The Stuxnet virus, as well as attacks over the past several years on SCADA systems, have made security in the factory and automation sectors a front-burning issue. It's projected that there will ultimately be 50 billion embedded nodes worldwide. Of course, many of those end points will be consumer and automotive users. However, for automation pros, this effort is significant, especially since it will leverage some previous security work developed for the enterprise.
Stacy Cannady, a consultant with Digital Management Inc., worked with TCG for several years when he analyzed secure IT platforms for IBM and Lenovo. He is helping the group organize its embedded program, and he acknowledges the effort is a massive one. Stuxnet notwithstanding, he said, more vertical embedded markets remain blissfully unaware of what a widespread hack of a system might mean.
"There will be a lot of pushback if you tell people they have to flush their entire inventory of low-end microcontrollers," Cannady said. "If you tell the manufacturer of an MRI machine they ought to install a $3 component, it's no big deal. Tell that to someone with a very simple sensor node, and it's a nonstarter."
The model TCG is using is that most solutions should have no impact on an end node's hardware bill of materials. It must also be nearly invisible to the network and the system integrator running the network. A solution that uses software calls from a centralized PC or server to a node, with protected storage and processing, would be ideal. The problem comes when an industry decides a solution might be too top-heavy. That could very well be true in some situations, but the outlier cases of what hackers do might surprise some vertical embedded network managers.
Cannady mentioned how a protection mechanism deemed necessary for some sort of wireless online payment network might be deemed overkill for a manufacturer of train cars and train control systems. Yet TCG members met a Polish teenager who figured out how to take control of multiple train cars in a train yard using a cellphone. It is dangerous to assume a certain vertical industry does not need a particular layer of device security, he said.
The model TCG will use for its earliest, most critical work is to use the Trusted Platform Module 1.2 specification as a guide for having some trusted master controller in a certain layer of the network. The embedded working group then will have to decide where the authentication hardware might be necessary, and where an end node can get by with a software shim alone. The working group will try to make security services as transparent as possible, with as little hardware impact on distributed embedded nodes as possible.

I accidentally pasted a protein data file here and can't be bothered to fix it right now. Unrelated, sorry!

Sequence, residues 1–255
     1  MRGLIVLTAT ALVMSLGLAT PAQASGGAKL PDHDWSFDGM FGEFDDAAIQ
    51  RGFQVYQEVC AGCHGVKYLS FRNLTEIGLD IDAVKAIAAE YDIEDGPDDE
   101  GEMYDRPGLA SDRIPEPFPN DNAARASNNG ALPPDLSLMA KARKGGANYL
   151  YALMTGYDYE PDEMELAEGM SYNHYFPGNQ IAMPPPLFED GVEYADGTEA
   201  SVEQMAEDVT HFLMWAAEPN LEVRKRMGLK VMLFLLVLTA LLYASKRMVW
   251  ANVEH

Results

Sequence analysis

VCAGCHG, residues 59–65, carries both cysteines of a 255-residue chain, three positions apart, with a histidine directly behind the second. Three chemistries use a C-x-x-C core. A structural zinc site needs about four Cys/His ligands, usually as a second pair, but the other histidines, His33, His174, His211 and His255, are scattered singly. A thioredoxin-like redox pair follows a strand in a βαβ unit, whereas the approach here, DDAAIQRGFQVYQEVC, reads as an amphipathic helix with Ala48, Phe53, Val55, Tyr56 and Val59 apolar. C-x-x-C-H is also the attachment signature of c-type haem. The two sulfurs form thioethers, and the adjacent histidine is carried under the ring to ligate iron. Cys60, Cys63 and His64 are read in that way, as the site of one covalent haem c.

The working group also is looking at applying the publish/subscribe model of the TCG IF-MAP, or Interface for Metadata Access Points, to create a "Facebook for things." A node would automatically publish its status on a regular basis, and the status messages could be subscribed to by both automated monitoring systems and human network managers, who would create monitored subdomains unique to their needs.
Cannady said he expects the National Security Agency, as well as several other federal agencies like the Defense Department and Department of Homeland Security, to be involved in compiling recommendations on embedded secure systems, similar to the orange book/blue book series of IT standards the NSA published in the 1990s. The federal government has offered a model of this in its work on HAIPE, a telecom equipment model for evolving secure telephony to IPv6.
Multiple federal agencies have gotten "very twitchy" about the hacking problems with SCADA systems, Cannady said, and that has made the process control industry sit up and take notice. Now the commercial vertical embedded industries need to recognize the importance of security and trusted domains, but they will demand security that has a very low cost and requires little if any human intervention in network management. The TCG embedded systems working group has its work cut out for it for the near future.
Originally ran in Design News